Book Artists Commemorate Al-Mutanabbi

Project website in Boston  

Al-Mutanabbi Street is the centuries-old center of bookselling in Baghdad, a winding street filled with bookstores and outdoor book stalls. Named after the famed 10th Century classical Arab poet, Al- Mutanabbi, this street has been, since time immemorial, the historic heart and soul of the Baghdad literary and intellectual community.” On March 5, 2007 a bomb exploded on Al-Mutanabbi Street killing 30 and wounding 100.

To mark the anniversary of the bombing and the essential role that art plays in our lives, poet Beau Beausoleil and others have organized readings in 10 cities. These readings are part of a much larger project that Beausoleil and a dedicated group of artists and volunteers have worked on since 2007. Read more at the Huntington Post.

On July 2010, Beau Beausoleil put out a call for book artists to join ‘An Inventory Of Al-Mutanabbi Street’, a project to “re-assemble” some of the “inventory” of the reading material that was lost in the car bombing of al-Mutanabbi Street on 5th March 2007. We joined in with Beau that month, to co-curate the call to artists to join our project and further enhance the previous work of the Coalition by honouring al-Mutanabbi Street, through creating work that holds both “memory and future,” exactly what was lost that day.

Beausoleil also reached out to artists to create books that would hold both “memory and future” of the bombing. There are 261 books that have been created as part of the project. More at the Huffington Post.

More information at the Jaffe Center for Book Arts.

At the Art of the Book exhibit you will see some of the book art created for Al-Mutanabbi  by Rochester book artist, Scott McCarney. Read more below and click on the image for exhibit information.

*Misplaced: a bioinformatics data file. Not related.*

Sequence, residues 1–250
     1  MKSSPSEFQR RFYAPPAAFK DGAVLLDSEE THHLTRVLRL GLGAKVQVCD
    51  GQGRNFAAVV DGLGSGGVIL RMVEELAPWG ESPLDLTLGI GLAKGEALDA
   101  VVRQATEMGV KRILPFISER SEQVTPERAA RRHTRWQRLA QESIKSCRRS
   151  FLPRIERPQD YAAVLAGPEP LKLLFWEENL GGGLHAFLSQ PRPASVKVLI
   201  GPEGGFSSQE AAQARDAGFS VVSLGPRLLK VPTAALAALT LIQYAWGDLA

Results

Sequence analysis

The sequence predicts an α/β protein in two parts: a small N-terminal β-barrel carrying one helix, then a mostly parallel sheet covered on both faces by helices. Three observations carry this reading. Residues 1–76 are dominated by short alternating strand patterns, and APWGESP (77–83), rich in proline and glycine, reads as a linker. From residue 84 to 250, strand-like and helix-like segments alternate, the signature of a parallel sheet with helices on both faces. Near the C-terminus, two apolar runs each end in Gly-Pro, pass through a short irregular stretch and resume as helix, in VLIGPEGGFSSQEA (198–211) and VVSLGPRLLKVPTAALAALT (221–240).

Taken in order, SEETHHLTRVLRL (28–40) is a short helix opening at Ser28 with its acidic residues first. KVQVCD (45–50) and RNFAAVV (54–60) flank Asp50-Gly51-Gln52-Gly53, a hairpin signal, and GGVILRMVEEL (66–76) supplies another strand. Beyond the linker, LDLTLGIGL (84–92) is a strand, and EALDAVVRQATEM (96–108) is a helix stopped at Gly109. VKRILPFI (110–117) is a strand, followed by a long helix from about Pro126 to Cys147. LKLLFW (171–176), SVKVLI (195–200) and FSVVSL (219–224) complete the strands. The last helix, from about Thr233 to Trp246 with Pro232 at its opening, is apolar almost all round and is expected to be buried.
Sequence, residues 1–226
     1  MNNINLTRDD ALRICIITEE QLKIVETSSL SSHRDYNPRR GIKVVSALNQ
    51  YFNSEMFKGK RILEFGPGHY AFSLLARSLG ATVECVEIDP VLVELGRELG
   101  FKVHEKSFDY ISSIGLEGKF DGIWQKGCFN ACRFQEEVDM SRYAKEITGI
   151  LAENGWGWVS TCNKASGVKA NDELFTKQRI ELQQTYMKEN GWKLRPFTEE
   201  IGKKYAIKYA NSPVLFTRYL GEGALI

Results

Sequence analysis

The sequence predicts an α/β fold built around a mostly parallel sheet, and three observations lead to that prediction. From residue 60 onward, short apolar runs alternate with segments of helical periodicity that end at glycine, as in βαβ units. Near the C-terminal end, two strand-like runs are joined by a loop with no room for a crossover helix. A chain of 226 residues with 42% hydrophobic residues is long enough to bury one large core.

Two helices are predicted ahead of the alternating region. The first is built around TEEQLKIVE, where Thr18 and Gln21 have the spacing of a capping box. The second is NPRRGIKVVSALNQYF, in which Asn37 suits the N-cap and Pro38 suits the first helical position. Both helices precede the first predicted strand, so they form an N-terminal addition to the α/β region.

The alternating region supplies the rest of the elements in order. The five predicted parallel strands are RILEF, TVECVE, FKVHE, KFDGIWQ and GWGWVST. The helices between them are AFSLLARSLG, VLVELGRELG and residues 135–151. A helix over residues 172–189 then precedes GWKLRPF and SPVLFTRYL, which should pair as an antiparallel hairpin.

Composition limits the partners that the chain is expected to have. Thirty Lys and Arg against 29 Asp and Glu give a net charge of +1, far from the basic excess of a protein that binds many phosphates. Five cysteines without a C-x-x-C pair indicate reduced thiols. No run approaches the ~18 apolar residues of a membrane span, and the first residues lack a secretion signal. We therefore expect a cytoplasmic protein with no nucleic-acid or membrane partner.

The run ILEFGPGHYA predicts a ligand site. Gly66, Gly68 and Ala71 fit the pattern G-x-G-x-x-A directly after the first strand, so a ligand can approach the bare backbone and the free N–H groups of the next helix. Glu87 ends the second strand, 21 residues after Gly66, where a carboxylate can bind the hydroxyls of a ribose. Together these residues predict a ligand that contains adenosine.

On October 21, 2012, the Central Library of Rochester and Monroe County will host the second exhibit of Art of the Book. Included in this exhibit will be a book by Rochester book artist, Scott McCarney in memory of those who lost their lives at Al-Mutanabbi Street. Entitled Material Meditation on Mending Al Mutanabbi Street, his book consists of fifteen two-sided loose-leaf prints made from collages constructed from remnants of found books, rubbings from book bindings and photographs. The leaves are gathered into a tar paper folder, like scattered pages picked up in the street and slipped into a convenient sheath. The fragments, assembled with staples, tapes, and glue, attempt to speak to reconstruction as well as memory; of life, literature and culture suspended, disjointed and reassembled into some sense of a whole.

Sue Huggins Leopard is another book artist who’s work will be seen commemorating  Al-Mutanabbi. Her book is entitled, ElegiesElegies uses part of a poem titled Elegy on the death of the mother of Saif al Daula, written by al-Mutanabbi in the year 948. Although written by the great poet in an age seemingly vanished and separated from the car bombing on al-Mutanabbi Street in Baghdad by more than a thousand years, the words remain very moving and speak powerfully to the universal themes of mourning and the futility of violence. I echoed these lines with words by an imagined poet in 2007. A poet who I imagined might be like a young person who would frequent a street of booksellers. A poet with a potential to see beauty; to speak.

Book artist, Barbara Fox will also have her book shown. That Day On Al Mutanabbi Street 2012, is a collection of digital images and poetry on various papers. It is printed in English using Lithos Pro, and in Arabic the font is Baghdad. 4 inches high by 6 inches wide. Digital Images on Various Papers. You can see more her work on her website, Barbara Fox.

Al-Mutanabbi is also commemorated by local artist printmaker, Kristine Bouyoucos. Her book folds out with
twenty-eight shadow people in the pages, one for each killed. Their names appear on the back of each page. The last page has a reddish background to remind us of the more than a hundred wounded.

Read and see more at the Centre for Fine Print Research. Find more information and images here at An Inventory of Al-Mutanabbi Street.